IT'S MORE THAN a routine statisticians' quarrel over President Reagan's budget numbers. There's a genuinely radical element in his fiscal policy -- a deliberate rejection of past rules and conventions. Orthodox economics carries on a careful sifting of recent experience, to identify the controlling patterns. Orthodox economics concedes that the patterns sometimes change, but holds that experience is the only real guide -- and, most of the time, a pretty accurate one. The Reagan administration disagrees. Recent experience isn't relevant to its plans, it argues, because it intends to lift the economy out of the accustomed track altogether.
That's the heart of the brief run-in the other day between Mr. Reagan and the Congressional Budget Office. The CBO is a technical staff that does fiscal analysis for both houses of Congress, and it has become a target of some of Mr. Reagan's more enthusiastic supporters. Its methods tend to be orthodox, and don't give much room to the radical vision. That's where the trouble arises.
A federal budget requires a lot of informed guesses about the state of the economy a year or two ahead. The inflation rate sets the cost-of-living adjustments for the Social Security checks, and the interest rates set the cost of the federal debt. The unemployment rate drives the cost of unemployment insurance and welfare. Any budget begins with a set of economic assumptions.
On Monday, the Senate Budget Committee made public some preliminary figures from the CBO's annual budget analysis. It showed spending at least $20 billion higher than Mr. Reagan had estimated. On Tuesday, responding to a question, Mr. Reagan called the CBO numbers "phony." Then, cooling, he amended that remark to say that their assumptions differed from his. And that's exactly right.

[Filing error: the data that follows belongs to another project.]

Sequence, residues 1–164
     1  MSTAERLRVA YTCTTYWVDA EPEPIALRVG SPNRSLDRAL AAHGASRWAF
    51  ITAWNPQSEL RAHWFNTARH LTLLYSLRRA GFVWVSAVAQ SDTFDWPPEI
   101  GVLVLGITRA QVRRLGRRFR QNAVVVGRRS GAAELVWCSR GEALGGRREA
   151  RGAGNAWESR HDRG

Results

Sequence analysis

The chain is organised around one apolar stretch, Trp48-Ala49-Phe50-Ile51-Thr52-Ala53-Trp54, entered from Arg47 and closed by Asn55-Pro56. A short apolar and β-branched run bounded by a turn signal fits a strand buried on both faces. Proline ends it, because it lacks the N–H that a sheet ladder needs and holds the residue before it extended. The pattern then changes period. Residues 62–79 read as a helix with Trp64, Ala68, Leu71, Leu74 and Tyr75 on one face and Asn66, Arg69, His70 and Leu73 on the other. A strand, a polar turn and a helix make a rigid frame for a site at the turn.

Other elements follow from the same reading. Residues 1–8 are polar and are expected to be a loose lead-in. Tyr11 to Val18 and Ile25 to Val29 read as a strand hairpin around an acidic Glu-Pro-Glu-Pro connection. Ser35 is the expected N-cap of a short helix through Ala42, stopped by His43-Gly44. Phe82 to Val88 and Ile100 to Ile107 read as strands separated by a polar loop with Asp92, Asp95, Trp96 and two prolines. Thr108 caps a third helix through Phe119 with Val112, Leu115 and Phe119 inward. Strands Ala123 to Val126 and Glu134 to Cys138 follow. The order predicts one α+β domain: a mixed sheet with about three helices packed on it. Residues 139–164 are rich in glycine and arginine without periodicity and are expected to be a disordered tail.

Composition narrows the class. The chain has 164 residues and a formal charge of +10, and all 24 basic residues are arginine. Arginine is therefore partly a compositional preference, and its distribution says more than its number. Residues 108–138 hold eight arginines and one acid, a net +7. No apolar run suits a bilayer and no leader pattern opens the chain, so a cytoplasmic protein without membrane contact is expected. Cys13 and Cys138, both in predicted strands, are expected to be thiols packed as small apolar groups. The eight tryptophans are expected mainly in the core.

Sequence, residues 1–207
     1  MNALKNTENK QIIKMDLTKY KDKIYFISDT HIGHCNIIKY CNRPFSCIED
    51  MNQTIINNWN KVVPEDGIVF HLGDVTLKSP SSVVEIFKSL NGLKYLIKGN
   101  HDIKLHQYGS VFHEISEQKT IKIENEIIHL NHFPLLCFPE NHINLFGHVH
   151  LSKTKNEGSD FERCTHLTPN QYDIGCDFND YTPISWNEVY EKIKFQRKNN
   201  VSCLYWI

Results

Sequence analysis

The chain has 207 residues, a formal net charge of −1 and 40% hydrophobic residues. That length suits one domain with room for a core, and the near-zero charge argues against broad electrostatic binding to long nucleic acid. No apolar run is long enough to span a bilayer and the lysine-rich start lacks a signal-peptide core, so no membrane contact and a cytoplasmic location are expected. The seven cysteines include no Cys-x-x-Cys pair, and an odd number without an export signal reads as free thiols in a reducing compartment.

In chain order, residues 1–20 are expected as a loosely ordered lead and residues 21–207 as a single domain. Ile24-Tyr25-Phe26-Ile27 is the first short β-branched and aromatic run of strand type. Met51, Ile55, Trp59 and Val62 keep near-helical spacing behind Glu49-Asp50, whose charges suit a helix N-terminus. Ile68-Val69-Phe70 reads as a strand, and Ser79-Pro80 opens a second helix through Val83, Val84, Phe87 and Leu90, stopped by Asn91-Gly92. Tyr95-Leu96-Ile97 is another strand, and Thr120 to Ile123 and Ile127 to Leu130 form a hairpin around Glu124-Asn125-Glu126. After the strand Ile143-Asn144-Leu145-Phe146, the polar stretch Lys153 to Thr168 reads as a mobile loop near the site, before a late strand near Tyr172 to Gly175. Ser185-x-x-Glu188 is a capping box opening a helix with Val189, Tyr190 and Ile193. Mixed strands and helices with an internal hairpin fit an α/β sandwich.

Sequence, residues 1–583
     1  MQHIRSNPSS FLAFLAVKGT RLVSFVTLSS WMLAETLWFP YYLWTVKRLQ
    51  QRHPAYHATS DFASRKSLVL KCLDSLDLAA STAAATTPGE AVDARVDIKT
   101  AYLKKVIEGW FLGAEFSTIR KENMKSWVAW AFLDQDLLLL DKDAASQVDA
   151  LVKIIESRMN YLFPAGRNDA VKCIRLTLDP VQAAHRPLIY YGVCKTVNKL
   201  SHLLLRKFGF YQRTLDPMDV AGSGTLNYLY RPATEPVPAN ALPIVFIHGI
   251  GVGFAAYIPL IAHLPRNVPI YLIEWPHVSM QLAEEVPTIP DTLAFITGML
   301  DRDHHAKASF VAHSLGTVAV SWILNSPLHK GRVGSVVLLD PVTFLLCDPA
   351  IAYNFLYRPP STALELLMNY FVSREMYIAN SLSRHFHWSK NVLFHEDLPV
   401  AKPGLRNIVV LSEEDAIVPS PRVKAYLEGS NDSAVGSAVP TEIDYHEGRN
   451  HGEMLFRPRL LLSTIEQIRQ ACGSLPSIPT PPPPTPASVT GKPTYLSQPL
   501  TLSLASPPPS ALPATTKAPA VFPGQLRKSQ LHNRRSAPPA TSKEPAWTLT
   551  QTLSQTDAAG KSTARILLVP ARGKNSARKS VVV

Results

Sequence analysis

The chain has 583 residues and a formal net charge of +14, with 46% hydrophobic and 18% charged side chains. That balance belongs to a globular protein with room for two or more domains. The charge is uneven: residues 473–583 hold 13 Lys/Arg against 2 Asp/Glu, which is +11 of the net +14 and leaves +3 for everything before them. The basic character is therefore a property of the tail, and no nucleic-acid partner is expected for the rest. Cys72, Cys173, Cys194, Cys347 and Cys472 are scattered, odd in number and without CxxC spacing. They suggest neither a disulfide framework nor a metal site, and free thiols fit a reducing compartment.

The Reagan administration is betting that its economic program can transform the way Americans think about money, inflation and investment. The administration shrugs off the criticism that its figures don't fit together. The White House and the Treasury are saying that they don't intend to manage the economy in the usual fashion. They intend to change Americans' economic behavior in fundamental ways.
The key difference involves anticipation. By changing the national atmosphere, the administration insists, it can induce people to behave in ways that anticipate changes still years ahead. Orthodox economics agrees that a tax cut can increase investment, but says the cut has to take effect before investment responds. The Reagan plan holds that the effect can precede the cause.
Under the Reagan tax plan, tax rates for most taxpayers would actually be a little higher this year than in 1980, because inflation will push incomes up about 10 percent while tax rates are cut only 5 percent. Under the Reagan plan, tax rates in 1982 return only to approximately the 1980 level. But, the plan says, the prospect of larger cuts in the future will begin to stimulate better economic performance immediately. Investment today will begin to raise productivity only slowly, over the years. But the plan holds that the prospect of it will begin to bring inflation and interest rates down at once. Mr. Reagan is seeking to establish an idea of the future that will change the present.
It's not impossible. But it's not plausible, either, and the pragmatists in Congress are likely to change it substantially. It's an unusually interesting case of one of the great themes of politics, the collision between an expansive, romantic hope and the doubts of experienced skeptics.